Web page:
Back in October, Johnny hit me with a box out of the blue – and not just a little box, either. This was a small flat rate, packed to the gills! Sure, I had a little chunk of it already, but there was plenty to love and lots of fodder for my team bags that I’ll give away at Astros games this year.* Let’s dig into some of the highlights.
*Note to self: I should take packs to the Astros FanFest if I go next Saturday.
In 2000, Bowman had a set of parallels called Retro/Future. It was a full parallel set that was a nod back to the 1955 Bowman television set. Current players were in the “retro” style, which was an older tube tv, and the rookies/prospects were in this extremely 90’s, squared television with speakers down the sides. They are foilboard, and scan like crud, but this Roy Oswalt rookie was my favorite among the little group I received. And speaking of shiny Oswalt cards, this ’04 Finest was another real nice addition of our former ace.
Ooof. Shiny cards of another guy that I have to refer to as our former ace. I’m pretty bummed out about Cole signing with the Yankees. I mean, I expected it, and we’ll be fine, but I was just hopeful that Crane might agree to shell out for this guy. I suppose that makes it “easier” to sign Springer long-term after this season. But they’re already putting up a $5 million gap in arbitration, so I don’t know why I’m hopeful.
Enough about all that, though. These Cole cards are awesome: a chrome parallel from 2018 Heritage, a gold holo border from 2019 Donruss (which looks reaaaaaal good with the Astros colors), and a Flamethrowers insert from 2019 Fire. These are all real sweet, and I would’ve had a hard time putting them in a trade, so thanks Johnny! You’re a better man than I.
Alright, more shiny stuff! A great rainbow foil parallel of Marwin Gonzalez from 2015 Topps, and another of Lance McCullers from 2017 Opening Day. Well, technically that second one is an “Opening Day Blue” parallel, or whatever, but these rainbow foil cards really pop with the Orange alternate uniforms.
Alright, time for some minis! The Howe is my second copy, but that just means that it’ll go toward one of my slow rolling Kellogg’s set builds. Well, the copy I already had will go toward that, this one looked superb and replaced my bindered copy. I don’t remember if the McCullers was a base mini or an A&G back, but I’ve really fallen hard for tobacco minis lately. I think it’s the BCW 20-pocket pages which I learned about this year. There’s just something about a full page of them that looks spectacular – way better than the 15-pocket Ultra-Pro versions with all that empty space.
One of the really fun parts of this package was a still sealed 1992 Osceola Astros team set. This was the rookie ball team at the time, and while the bottom row all went on to enjoy time with the big league club, I couldn’t get over those country club baseball names like Kenneth Wheeler Jr. and Gary Christopherson. Also, it was a little surprise to learn that Jack Billingham was a pitching coach in the Astros system for a bit.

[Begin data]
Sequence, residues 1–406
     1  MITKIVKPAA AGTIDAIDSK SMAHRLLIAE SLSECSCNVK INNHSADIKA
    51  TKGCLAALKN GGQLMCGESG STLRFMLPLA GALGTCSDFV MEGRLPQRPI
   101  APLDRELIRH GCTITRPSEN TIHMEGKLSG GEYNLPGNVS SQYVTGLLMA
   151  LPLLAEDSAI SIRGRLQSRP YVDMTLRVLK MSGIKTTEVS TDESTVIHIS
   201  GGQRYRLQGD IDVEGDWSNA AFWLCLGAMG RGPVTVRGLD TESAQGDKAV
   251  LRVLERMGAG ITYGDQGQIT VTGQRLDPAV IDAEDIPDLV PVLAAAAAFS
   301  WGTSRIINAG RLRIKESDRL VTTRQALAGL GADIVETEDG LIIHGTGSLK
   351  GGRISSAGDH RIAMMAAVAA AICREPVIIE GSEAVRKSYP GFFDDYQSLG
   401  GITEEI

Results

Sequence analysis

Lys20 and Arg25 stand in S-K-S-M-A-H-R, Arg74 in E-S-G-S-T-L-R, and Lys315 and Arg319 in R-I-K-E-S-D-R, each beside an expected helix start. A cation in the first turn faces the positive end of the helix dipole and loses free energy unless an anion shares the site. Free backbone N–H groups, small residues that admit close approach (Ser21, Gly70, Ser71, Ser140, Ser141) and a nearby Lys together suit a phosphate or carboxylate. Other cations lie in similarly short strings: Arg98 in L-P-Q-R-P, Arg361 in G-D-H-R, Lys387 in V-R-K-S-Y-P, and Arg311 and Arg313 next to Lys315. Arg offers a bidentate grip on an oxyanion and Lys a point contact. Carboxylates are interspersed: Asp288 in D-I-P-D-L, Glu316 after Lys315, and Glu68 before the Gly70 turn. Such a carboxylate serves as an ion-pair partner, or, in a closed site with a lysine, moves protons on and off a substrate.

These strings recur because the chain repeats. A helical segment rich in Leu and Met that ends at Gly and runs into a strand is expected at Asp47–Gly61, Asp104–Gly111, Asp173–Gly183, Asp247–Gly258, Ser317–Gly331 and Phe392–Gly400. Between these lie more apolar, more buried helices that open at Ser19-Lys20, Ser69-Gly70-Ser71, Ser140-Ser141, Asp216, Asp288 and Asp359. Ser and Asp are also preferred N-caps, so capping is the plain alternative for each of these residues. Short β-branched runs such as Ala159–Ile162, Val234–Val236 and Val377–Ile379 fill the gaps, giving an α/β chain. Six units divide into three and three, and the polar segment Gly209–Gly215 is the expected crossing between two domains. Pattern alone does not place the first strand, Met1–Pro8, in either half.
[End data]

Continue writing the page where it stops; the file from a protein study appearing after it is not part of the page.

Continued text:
More minor league fun! These are from 1990 Best, and I landed several of the Columbus Mudcats (AA) cards, including an Al Osuna that I’m sure will make Nick V. jealous, with its minor league glory, Mother’s Cookies design rip, and Stanford player trifecta. Again, the names that get lost in the minors just floor me. Bernie Jenkins and Fred Costello, such good names.
Thanks to another trade around this time, Johnny was able to finish off my 1994 Leaf Limited Rookies team set. Here we have a gorgeous issue, featuring a trio of Tony Eusebio, Brian Hunter, and James Mouton.
Johnny also did big numbers to this Topps Total team set, sending along about half of the club, including a Silver parallel of Wilfredo Rodriguez. This is a really solid design. The only modification I would make would involve replacing the Topps Total logo with the team logo.
Speaking of parallels, there was a good chunk of the Astros from the 2000 Topps Home Team Advantage set. These feature an extra foil stamp and I believe were only available to specific hobby dealers. I imagine they came as boxed sets and are slowly getting broken up by modern collectors who stumble across them, although that’s wild speculation and I could be wrong. The 2000 cards bring to mind the mixed-uniform releases of 1994, when the team went to the blue and gold shooting star unis. These were the opposite, and featured the team departing from one of my favorite getups into probably the worst set from franchise history. You see, there were pinstripes – and Astros should never wear pinstripes.
Wait, what’s different here? Well, there was also a bevy of the Limited Edition parallels from 2000 Topps. These feature a heavy gloss coat on the stock, and actually feel real nice in hand.
The duo here featured a pair of new Killer B’s for the collection, coming from what I think is generally a nice 2004 Donruss design. If they cut back on the repeating cubes and just let the banners stand on their own, I think this would be really good. Also, it’s nice to see that Columbia Shuttle memorial patch on Biggio’s sleeve.
Finally, there was this batch of puzzlers. I had a heck of a time figuring out what these were – they are all small stickers, about postage stamp sized, and other than names on the front feature no other identifying markings. I had to use my knowledge of the team roster to nail down just when these were released, and to my joy I discovered that I’d acquired a near full team set of the 1990 Publications International Trivia Stickers. The only one I’m missing is Biggio, and that may be something I have to shell out for, as I’ve never seen one of these in the wild.
Thanks again for the box, Johnny! It had a bunch of nice surprises inside, and I really appreciated it.